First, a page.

Liability means something like “responsibility.” In personal injury law, however, its meaning is far more specific.
The term refers to the financial compensation that one person owes another due to their legal responsibility for an injury.
The liable party may or may not be at fault for the injury—sometimes, the law imposes liability on bases other than fault.
Forms of Liability
Louisiana personal injury law recognizes several different forms of liability. Please see below for a few brief explanations.
Negligence is the legal term for “carelessness.” A party is negligent if they breach their duty of care towards someone else. A motorist, for example, might breach their duty of care by following the car ahead of them too closely. A doctor might breach their duty of care by failing to order lab tests when appropriate.
Negligence alone, however, does not generate liability. You need to prove three additional facts to win. First, you must prove that the victim filing the claim suffered an injury. Second, you must prove that the defendant’s negligence is what caused the victim’s injury. You must also prove that, given the defendant’s negligence, the victim’s injury was reasonably foreseeable.
Louisiana is a “pure comparative negligence” state. This means that when more than one party causes an injury, the court will assign each party a percentage of fault. Each party will lose the percentage of their compensation that corresponds to their own percentage of fault.
If you were 15% at fault, for example, you would lose 15% of your compensation. If you were 90% at fault, you would lose 90% of your compensation.
Liability for Intentional Misconduct
Intentional misconduct occurs when the defendant deliberately harms someone or deliberately causes an accident that results in harm to someone. Many acts of intentional misconduct are both crimes and civil offenses. And yes, you can sue someone during a criminal trial.
There is no reduction in damages for comparative negligence for someone who was a victim of another party’s intentional misconduct, even if they were negligent.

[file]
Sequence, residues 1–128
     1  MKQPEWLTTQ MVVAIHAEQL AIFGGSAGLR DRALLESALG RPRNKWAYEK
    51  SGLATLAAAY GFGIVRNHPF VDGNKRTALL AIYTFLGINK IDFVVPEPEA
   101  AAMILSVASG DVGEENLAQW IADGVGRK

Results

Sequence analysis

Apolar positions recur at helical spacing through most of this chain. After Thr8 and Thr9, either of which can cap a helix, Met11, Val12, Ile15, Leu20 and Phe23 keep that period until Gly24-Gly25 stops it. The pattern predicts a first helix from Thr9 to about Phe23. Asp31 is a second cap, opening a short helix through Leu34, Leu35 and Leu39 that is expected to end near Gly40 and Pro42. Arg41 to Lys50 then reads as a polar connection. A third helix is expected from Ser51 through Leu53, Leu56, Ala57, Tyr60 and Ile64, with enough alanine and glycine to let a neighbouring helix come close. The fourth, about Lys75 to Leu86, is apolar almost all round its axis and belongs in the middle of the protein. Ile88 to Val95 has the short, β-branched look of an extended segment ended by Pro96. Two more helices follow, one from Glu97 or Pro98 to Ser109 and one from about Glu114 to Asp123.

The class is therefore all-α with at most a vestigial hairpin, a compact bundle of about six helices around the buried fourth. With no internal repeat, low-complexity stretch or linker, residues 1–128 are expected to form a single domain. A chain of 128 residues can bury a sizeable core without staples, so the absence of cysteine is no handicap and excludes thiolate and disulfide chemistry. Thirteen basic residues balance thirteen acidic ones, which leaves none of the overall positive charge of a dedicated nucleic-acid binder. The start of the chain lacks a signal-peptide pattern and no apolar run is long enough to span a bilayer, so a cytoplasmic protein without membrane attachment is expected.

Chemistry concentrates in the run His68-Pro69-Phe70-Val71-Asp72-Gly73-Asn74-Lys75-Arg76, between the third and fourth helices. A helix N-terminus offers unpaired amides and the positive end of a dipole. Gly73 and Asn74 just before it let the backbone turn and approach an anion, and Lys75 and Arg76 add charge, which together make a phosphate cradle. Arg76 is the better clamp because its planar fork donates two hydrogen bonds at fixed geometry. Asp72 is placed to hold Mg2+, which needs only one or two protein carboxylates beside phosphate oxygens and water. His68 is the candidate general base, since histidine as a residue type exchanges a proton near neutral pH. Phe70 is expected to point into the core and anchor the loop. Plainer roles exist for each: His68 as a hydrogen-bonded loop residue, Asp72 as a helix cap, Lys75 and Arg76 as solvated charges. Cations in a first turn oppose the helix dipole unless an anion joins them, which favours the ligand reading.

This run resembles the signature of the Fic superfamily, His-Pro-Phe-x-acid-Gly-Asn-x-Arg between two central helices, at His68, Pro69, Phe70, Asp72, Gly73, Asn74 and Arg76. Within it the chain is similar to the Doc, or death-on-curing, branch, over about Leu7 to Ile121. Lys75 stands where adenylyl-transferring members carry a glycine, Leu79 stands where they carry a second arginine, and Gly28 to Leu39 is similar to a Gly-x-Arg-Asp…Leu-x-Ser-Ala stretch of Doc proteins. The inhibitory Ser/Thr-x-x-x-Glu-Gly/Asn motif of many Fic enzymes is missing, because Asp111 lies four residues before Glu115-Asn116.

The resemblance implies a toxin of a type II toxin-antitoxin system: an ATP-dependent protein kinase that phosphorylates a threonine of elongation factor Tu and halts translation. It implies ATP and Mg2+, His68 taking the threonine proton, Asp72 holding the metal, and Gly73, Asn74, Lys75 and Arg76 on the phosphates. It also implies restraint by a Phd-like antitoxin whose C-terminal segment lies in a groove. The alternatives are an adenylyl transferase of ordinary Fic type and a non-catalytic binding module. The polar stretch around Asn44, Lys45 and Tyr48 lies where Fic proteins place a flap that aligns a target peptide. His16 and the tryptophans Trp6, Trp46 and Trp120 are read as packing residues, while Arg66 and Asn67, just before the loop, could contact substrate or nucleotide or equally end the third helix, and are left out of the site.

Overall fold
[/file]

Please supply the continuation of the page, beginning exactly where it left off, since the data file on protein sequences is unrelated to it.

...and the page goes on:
Strict liability means liability without fault—or at least liability without the need to prove fault. Following are some examples of strict liability claims under Louisiana law:
- A dog owner is strictly liable for the harm done by their dog, as long as the dog had acted aggressively on at least one prior occasion (the “one free bite rule”).
- Anyone engaged in an ultrahazardous activity is strictly liable for any resulting harm, no matter how carefully they may have conducted the activity.
- Workers’ compensation compensates employees who suffer job-related injuries. The employee does not need to prove their employer was at fault, and they can often recover compensation even if the accident was their own fault.
- Product liability: You can win a lawsuit against the manufacturer or distributor of a product that causes injury without proving fault. You do have to prove that the product was defective and unreasonably dangerous.
Strict liability essentially turns product manufacturers, dog owners, and other parties into insurers against the risks they bear.
Vicarious liability occurs when the law holds one party liable for the wrongdoing of another party. As long as certain circumstantial requirements are met, three major types of vicarious liability exist under Louisiana law:
- Employer liability for the wrongdoing of their employees;
- An insurance company’s liability under its insurance contract with its insured; and
- A parent’s liability for the misconduct of their minor children.
In many cases (employer/employee liability, for example), both parties are liable for the misconduct of one of them. The idea behind vicarious liability is to find someone who can afford to pay a claim.
Once the law determines who is liable for a particular harm, the inquiry moves on to the magnitude of the liability. Yes, the defendant is liable, but how much do they have to pay? Louisiana offers the following three types of “damages” (monetary awards for personal injury).
Economic damages include medical expenses, lost earnings, diminished earning capacity, and out-of-pocket expenses.
Non-economic damages compensate a personal injury victim for intangible losses such as pain and suffering, mental anguish, loss of enjoyment of life, and disfigurement, among other forms of injury.
On rare occasions, Louisiana courts will award punitive damages on top of economic damages and non-economic damages. These damages are limited to injuries arising from:
- A DUI;
- Domestic abuse;
- Wrongful death caused by hazing; and
- Child pornography or a sex crime against a minor;
Louisiana courts generally do not award punitive damages for any reasons other than those listed above.
A Lafayette Personal Injury Lawyer Can Help You Establish Liability
The question of how much liability the opposing party should bear is where a Lafayette personal injury lawyer can really help you. Although no honest lawyer will offer an absolute guarantee, your lawyer might triple or even quadruple the amount of money you bring home.